Breaking down the Cardinals' DH options

June 24th, 2020

ST. LOUIS -- Before baseball shut down in March because of the COVID-19 pandemic, Cardinals manager Mike Shildt had too many outfielders and not enough lineup spots. But the surplus of bats might come in handy with the designated hitter -- a feature we’ll see in National League games for the first time when the 2020 season opens next month.

The DH tweak for the 2020 season is part of the health and safety protocols put in place as Major League Baseball returns. While pitchers like and are sure to miss hitting, the DH offers a new look and new strategies for NL teams.

The Cardinals don’t have one player who will serve as the DH every day. More likely, Shildt will float players through that spot depending on the roster, the matchup that day, who would better fit in the field and many more factors.

There might be some NL teams that look to upgrade at DH, but the Cardinals likely will look internally. On Tuesday, president of baseball operations John Mozeliak mentioned a few options who could fill those at-bats. Let’s take a look at some of those options:

Infield options
The Cardinals could simply put at DH and at third base. In his rookie season last year, Edman played the majority of his games at third base and did well when Carpenter dealt with injuries and an overall struggle at the plate. There would be no defensive drop-off to having Edman man third, and Carpenter is a proven hitter who could shine in a DH role.

Putting Edman at third frees up space in the outfield, allowing the group of young outfielders vying for a starting spot more time there. It also allows to take over the versatile bench option, filling in for anyone who needs a day off. Or, if Carpenter doesn’t work out at DH, Miller can take over. He’s a seasoned American League veteran with the Mariners, Rays and Indians, and he hit 12 home runs in 66 games with the Phillies at the end of last season.

Mozeliak also mentioned as a potential DH. The Cardinals were planning to use the first baseman/outfielder in the role -- the go-to pinch hitter -- but if he’s used as DH, Ravelo can see more at-bats and potentially unlock his power.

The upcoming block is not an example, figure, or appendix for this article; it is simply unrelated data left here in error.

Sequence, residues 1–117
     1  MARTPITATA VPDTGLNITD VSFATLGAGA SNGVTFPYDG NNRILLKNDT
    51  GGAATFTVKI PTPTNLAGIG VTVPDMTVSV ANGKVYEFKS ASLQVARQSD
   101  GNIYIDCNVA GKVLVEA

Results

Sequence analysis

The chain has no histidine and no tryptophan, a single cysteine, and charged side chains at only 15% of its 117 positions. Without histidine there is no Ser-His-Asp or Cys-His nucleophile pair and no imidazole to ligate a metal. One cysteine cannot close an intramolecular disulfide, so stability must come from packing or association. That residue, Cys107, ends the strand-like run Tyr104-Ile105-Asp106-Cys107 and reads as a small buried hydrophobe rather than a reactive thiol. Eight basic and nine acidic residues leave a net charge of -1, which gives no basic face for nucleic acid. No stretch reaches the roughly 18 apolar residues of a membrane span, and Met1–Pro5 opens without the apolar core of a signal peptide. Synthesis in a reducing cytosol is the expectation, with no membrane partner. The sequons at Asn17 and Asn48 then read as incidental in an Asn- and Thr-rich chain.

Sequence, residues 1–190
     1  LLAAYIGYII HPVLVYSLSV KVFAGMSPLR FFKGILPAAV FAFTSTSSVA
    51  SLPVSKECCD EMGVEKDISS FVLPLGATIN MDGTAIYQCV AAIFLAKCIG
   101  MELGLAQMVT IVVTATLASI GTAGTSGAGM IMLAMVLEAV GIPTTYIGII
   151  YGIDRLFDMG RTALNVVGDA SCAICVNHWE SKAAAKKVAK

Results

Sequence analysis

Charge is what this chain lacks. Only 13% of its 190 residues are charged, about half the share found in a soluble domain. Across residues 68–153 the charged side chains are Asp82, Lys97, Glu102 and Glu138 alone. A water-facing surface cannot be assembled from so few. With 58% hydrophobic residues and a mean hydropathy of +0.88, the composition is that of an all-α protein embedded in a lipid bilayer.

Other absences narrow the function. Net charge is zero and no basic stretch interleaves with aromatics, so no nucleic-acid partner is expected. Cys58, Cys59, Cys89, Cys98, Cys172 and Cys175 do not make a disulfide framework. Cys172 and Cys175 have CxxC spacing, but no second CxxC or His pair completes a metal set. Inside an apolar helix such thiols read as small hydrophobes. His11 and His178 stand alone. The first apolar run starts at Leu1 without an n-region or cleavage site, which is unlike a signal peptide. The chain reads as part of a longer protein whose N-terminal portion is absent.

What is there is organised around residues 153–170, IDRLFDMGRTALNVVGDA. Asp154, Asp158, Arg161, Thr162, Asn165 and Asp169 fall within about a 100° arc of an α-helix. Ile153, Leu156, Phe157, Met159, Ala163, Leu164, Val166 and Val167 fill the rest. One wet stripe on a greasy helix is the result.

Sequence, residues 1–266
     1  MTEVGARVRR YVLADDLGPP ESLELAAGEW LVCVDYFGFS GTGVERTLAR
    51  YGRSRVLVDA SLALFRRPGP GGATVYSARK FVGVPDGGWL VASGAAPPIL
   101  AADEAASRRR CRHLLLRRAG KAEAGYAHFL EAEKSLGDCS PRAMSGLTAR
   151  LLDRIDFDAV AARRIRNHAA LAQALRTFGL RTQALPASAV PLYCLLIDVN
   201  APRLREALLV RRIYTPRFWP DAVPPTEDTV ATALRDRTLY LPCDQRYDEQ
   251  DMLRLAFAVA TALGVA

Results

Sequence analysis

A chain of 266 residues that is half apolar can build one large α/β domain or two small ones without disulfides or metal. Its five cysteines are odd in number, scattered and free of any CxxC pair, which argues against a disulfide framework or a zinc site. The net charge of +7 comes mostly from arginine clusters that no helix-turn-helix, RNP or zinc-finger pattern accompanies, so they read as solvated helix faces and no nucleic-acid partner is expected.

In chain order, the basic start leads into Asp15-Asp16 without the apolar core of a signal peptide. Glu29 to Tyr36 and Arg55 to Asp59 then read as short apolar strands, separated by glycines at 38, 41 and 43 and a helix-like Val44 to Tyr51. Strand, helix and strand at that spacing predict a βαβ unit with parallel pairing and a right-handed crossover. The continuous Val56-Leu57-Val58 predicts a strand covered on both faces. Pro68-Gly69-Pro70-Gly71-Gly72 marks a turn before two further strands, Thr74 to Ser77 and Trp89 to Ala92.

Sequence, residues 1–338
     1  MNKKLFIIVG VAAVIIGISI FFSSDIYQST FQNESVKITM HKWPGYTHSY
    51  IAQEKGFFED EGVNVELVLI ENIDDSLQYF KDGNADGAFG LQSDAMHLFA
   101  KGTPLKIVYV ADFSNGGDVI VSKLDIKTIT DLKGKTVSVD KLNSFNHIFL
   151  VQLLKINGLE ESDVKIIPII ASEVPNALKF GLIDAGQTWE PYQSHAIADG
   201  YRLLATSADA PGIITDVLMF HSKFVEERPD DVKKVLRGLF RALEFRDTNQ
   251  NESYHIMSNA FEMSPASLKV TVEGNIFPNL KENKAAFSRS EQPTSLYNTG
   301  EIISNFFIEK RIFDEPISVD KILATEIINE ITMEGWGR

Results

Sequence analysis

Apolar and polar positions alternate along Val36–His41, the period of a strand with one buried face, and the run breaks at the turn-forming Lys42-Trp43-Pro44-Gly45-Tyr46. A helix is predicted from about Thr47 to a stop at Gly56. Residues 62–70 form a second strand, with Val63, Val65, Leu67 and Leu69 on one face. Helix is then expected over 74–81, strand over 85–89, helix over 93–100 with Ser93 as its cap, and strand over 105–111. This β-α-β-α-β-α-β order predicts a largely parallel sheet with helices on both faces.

Extra outfielders
, , and were competing for an outfield spot in March. That competition remains, but now the Cardinals might be able to use more of these young players than they originally thought.

Shildt could rotate through this group in the field and at DH, allowing them the extra Major League at-bats they wouldn’t see in a normal year. When you think DH, you think of a power hitter, and O’Neill comes to mind. But Thomas also showed pop in his bat last year and in Spring Training, when he hit three home runs in 14 games.

With the expanded rosters, the Cardinals could take a shot with Dylan Carlson, ranked by MLB Pipeline as the organization's top prospect. The switch-hitting outfielder was very much in the spring competition when baseball halted, and he enjoyed a second straight strong Spring Training. In 12 games, he was 10-for-32 (.313) with a .469 on-base percentage and a .905 OPS. The Cardinals were likely to have the 21-year-old open the season in Triple-A to get the playing time. With an extra spot in the lineup and more spots on the roster, why not have that playing time in the Majors?

Rest some regulars
This one is simple, too: Rotate power-hitting regulars through the DH spot.

could get some cracks at it, as well as and . It would allow these players to get some days off their feet while keeping their bats in the lineup. Edman’s versatility was always going to be big this season, but the DH will make it even more important. He has played every position in the field except first base and catcher and is a reliable backup for any regular moved to the DH that day.

The Cardinals have an excellent defensive team, and that starts with regulars like Goldschmidt and DeJong. But it doesn’t end with them. While a day off in the field might take away some defensive advantage, the backups aren’t liabilities by any means.